Blog-tswana: The Amazing Okavango Delta Bucket Shower!
Note: I’ve just spent the last two weeks in rural Botswana, teaching writing classes on a creative writing safari. There was no Internet, and sometimes no electricity, both of which are useful when it comes to uploading stuff to my blog.
I did, however, blog offline whenever my netbook battery was not conked out. I’ll be uploading those blurbs over the next couple of weeks, now that I’m home in Seattle.
By Dave Fox
Sankuyo Safari Camp, Okavango Delta, Botswana
This first of three safari camps I’m staying in seems to be modeled after Gilligan’s Island. It has modern flush toilets, but they are outdoors, surrounded on three sides by a bamboo fence, and exposed on the fourth side, looking out over a lush green field of grasses and foliage. The area I face is secluded, so no people can see what I’m doing, though if a perverted elephant or baboon wanted to take a peek, he could.
But what really makes this camp Gilligan’esque is the bucket showers. Like the toilets, the bucket showers are outside contraptions, in a little, fenced area next to each tent. Sankuyo Camp has what are possibly the most decadent bucket showers in all of Botswana.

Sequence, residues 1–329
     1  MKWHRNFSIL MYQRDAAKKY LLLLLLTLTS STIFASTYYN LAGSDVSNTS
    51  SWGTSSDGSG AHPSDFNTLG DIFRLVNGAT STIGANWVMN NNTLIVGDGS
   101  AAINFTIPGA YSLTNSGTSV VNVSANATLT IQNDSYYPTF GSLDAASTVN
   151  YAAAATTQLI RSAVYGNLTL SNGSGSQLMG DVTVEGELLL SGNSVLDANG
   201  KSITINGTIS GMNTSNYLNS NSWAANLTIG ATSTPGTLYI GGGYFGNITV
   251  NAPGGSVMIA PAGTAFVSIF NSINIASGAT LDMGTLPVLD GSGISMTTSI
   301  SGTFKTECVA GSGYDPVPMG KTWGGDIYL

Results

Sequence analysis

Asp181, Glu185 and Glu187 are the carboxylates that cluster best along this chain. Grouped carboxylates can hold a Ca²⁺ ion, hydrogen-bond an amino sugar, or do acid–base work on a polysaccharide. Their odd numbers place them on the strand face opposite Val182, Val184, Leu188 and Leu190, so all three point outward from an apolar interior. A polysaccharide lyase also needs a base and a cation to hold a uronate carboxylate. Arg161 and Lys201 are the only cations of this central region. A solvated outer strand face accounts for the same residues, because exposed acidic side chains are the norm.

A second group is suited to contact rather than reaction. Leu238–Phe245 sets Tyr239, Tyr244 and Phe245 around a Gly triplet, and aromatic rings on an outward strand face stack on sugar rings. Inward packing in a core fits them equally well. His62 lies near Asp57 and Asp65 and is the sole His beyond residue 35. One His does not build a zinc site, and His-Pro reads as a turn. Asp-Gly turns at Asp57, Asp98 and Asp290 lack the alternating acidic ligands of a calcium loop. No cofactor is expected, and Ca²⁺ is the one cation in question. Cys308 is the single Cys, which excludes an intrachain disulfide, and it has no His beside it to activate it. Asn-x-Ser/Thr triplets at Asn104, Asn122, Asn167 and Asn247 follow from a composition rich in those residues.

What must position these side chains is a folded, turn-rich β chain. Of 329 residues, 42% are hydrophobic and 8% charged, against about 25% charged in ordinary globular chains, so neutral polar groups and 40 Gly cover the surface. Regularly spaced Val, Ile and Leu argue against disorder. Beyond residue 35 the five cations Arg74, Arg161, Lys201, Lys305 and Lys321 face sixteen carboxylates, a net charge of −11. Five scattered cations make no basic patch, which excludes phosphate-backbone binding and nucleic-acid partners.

At most safari camps that have bucket showers, if you want hot water, you must request it. A lady boils water for you and carries it to your tent. But Sankuyo has gone high-tech with a solar-powered water heater that feeds hot water throughout the camp’s eight or so tents. To use the bucket showers here, you must first run the hot water tap in your tent’s sink for five or six minutes. Eventually, piping hot water reaches your tent and burns your hand while you are checking to see if it is hot yet. You may now add some cold water to the mix if you choose not to scald your entire body.
Next, unwind the rope from its rope-holder-thingy, and, using a pulley suspended in the tree next to you, lower the bucket down to sink level.
Swivel the tap around from the sink to the bucket, fill the bucket with hot water from the tap, and hoist the bucket back up to tree branch level.
Now, turn the nozzle to release the water and go stand under it. Do not forget to remove your clothes before standing under it.
Thanks to a Southern Hemisphere invention known as “gravity,” water will now sprinkle down upon you for approximately four minutes of sheer watch-out-for-the-spiders bliss.
If you’d like to come along on a journaling and creative writing adventure, I occasionally offer small group trips in Asia and Africa, and can also schedule private trips for groups of four or more . For more information, please drop me an e-mail or subscribe to my free newsletter through the box in the right-hand column.